Research Shows Link Between Heartburn Medication and Bone Breaks

It can ruin the most delicious of meals; put the most dedicated fan out of commission just in time for the big game. Millions of Americans deal with the incessant burning sensation centered in the chest after a meal, and many of them reach for heartburn medication such as Prilosec OTC and Prevacid. These medications are proven to work exceptionally well at reducing levels of stomach acid, sometimes to as low as 10% of their original levels. These drugs, especially proton pump inhibitors such as Nexium are now coming under increased scrutiny as researchers have begun to find a link between consuming high doses of the drug for a significant amount of time and broken bones.

The Food and Drug Administration is continuing to investigate the risk of developing brittle bones and an increased risk for fracture as a result of taking proton pump inhibitors, and will now require the drugs to be sold with a warning label. After seven tests done over the course of a decade, the FDA has acknowledged a significant percentage of patients who used the drug were more subject to broken bones, especially around the hips and wrists, than those who were not prescribed the medication. According to NPR, “six of the studies showed an increased risk of fractures, and some showed the risk was greater among people who used higher doses or took the drugs longer.” Research seems to suggest that the longer the drug is taken, the higher risk for fractures. This is substantiated by a Canadian study also referenced by NPR, in which participants who took PPIs for seven years or longer were five times more likely to sustain fractures than those who did not take the medication.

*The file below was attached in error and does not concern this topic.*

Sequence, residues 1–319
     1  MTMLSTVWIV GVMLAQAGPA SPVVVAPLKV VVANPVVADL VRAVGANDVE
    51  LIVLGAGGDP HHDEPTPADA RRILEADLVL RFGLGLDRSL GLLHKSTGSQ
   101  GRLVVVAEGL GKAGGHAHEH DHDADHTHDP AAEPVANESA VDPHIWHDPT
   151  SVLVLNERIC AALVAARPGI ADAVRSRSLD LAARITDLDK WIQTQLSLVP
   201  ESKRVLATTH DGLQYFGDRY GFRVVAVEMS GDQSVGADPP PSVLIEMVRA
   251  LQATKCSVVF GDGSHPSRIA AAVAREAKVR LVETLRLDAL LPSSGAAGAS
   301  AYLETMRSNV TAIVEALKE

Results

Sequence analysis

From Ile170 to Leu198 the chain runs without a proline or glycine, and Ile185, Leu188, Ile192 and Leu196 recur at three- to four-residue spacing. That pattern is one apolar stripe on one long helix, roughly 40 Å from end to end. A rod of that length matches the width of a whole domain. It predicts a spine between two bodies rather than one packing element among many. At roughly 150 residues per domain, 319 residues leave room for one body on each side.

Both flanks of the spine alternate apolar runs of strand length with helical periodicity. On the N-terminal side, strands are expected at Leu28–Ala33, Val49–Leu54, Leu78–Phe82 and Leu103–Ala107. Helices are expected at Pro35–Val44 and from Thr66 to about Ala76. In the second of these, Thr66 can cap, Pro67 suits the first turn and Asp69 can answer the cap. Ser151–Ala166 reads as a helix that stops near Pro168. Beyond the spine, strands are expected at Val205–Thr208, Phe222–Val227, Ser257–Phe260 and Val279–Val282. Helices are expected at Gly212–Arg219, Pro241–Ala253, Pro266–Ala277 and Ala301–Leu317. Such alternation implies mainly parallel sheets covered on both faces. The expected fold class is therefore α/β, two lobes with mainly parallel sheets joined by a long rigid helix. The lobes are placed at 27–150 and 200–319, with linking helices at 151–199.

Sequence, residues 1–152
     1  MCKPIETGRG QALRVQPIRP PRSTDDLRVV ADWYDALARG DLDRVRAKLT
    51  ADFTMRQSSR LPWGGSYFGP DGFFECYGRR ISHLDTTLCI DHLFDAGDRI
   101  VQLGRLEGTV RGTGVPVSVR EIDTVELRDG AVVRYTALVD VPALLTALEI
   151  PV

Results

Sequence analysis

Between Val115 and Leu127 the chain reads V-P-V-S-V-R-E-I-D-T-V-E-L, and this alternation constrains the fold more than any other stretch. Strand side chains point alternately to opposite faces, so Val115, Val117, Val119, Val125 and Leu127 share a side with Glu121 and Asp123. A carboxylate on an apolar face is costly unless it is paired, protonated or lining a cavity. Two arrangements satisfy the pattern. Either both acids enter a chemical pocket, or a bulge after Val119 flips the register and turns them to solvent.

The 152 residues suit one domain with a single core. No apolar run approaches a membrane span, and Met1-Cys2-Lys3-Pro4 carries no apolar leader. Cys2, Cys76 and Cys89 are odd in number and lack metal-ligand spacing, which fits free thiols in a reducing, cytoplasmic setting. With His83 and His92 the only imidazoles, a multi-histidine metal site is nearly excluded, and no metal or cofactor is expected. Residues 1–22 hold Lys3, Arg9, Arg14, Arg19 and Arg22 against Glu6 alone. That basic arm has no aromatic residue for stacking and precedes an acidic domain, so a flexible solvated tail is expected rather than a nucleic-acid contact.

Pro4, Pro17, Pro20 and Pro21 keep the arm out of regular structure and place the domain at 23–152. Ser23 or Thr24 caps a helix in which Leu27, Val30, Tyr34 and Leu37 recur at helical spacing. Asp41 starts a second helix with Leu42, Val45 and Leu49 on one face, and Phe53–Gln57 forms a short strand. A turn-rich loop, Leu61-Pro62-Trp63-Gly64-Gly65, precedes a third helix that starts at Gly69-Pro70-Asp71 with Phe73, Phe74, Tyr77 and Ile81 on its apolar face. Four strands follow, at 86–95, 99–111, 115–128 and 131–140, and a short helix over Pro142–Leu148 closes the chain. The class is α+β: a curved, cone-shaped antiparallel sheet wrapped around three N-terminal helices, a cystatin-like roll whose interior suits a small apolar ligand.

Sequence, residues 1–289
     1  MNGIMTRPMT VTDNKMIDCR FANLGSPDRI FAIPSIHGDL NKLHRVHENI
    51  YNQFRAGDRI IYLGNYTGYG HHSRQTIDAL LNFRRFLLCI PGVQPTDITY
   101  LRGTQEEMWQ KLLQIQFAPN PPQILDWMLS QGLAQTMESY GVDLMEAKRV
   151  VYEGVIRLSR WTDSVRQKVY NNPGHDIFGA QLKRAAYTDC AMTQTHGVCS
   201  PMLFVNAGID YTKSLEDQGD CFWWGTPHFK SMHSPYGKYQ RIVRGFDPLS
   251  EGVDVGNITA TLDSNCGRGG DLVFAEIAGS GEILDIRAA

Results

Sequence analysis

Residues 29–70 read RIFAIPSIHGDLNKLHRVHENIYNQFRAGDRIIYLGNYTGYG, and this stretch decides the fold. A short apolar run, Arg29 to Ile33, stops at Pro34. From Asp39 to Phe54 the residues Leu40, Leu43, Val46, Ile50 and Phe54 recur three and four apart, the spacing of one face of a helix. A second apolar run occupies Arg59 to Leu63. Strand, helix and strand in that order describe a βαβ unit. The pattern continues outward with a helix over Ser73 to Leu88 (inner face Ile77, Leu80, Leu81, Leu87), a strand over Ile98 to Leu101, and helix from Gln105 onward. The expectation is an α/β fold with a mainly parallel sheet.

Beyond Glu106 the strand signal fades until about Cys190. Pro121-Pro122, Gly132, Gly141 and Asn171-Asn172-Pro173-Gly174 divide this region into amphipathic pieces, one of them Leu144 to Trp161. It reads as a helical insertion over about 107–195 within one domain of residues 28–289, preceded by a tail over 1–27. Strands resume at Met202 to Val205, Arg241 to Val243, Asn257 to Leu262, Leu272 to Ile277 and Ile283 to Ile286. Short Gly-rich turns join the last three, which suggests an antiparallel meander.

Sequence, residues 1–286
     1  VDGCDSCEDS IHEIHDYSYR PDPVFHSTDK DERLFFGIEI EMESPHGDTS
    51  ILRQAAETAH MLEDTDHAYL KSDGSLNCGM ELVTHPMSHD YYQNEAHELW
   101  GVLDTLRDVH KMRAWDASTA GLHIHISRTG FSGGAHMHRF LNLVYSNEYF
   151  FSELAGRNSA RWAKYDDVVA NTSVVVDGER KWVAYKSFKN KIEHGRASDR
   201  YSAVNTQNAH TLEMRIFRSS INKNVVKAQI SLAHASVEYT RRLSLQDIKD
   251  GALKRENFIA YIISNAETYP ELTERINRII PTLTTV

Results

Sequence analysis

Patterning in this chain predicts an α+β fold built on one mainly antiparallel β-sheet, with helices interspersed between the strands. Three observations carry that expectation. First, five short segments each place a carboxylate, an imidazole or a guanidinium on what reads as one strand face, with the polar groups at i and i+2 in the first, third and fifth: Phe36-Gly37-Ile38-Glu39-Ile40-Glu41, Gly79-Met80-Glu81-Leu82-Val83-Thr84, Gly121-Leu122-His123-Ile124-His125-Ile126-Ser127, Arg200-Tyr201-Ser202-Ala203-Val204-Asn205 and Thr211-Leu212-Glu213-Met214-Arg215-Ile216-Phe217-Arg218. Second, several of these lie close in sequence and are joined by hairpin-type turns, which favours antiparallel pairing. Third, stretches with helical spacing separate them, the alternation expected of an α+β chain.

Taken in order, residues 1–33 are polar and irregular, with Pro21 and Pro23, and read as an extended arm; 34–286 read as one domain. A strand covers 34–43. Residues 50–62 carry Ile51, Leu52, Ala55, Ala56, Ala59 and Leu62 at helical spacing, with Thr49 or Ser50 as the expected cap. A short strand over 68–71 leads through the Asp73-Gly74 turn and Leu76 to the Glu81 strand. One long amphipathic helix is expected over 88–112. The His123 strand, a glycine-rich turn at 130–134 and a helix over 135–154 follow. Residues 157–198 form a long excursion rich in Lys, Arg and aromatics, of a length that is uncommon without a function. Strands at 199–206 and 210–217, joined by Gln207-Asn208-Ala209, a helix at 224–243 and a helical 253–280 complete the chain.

WBZ News medical correspondent Dr. Mallika Marshall explains, “the body can have trouble absorbing vitamins and minerals like magnesium and calcium when PPIs are also being taken.” Calcium, of course, is a major proponent of healthy bone structure.

The FDA now warns that patients should not take the drug for more than 14 days, a far cry from the multiyear renewable prescriptions heartburn sufferers normally experience. For those who suffer from mild to moderate heartburn, the administration suggests switching to antacid tablets, changing their diet, or elevating the head during sleep. The solution becomes a bit more complicated for those who suffer from gastroesophageal reflux disease (GERD), stomach or small-intestine ulcers, or esophageal inflammation. As with most prescription medications, the FDA warns against eliminating the drug from your regimen suddenly, as it could cause a serious reaction.

Instead, medical professionals recommend slowly changing from PPIs to a different kind of acid-reducing medication such as Zantac, which is an H2 blocker, or considering surgery. Though research has not been conducted over a long enough period of time to determine definite causation, the FDA feels the studies provide enough evidence to merit the warning labels.
If you or a loved one has been injured by a dangerous side effect, such as bone breaks as a result of taking a high dose of PPIs for an extended period of time, you are urged to contact an attorney right away. At the Greater Boston Law Firm of Altman & Altman, LLP, our dedicated team of Massachusetts Personal Injury Attorneys have decades of experience helping victims of even the most complex pharmaceutical cases. Our attorneys combine the reliable experience of having successfully handled thousands of Personal Injury cases, with the individual attention to understand and respond to the unique nature of your case. We will look into every detail of your case and will explore every legal avenue available in order to deliver legal representation of the highest quality.

At the law offices of Altman & Altman, we are available 24 hours a day, seven days a week – including nights and weekends to answer any questions regarding your case. Call us today to schedule a free initial consultation and case evaluation.

Read more NPR

Contact Information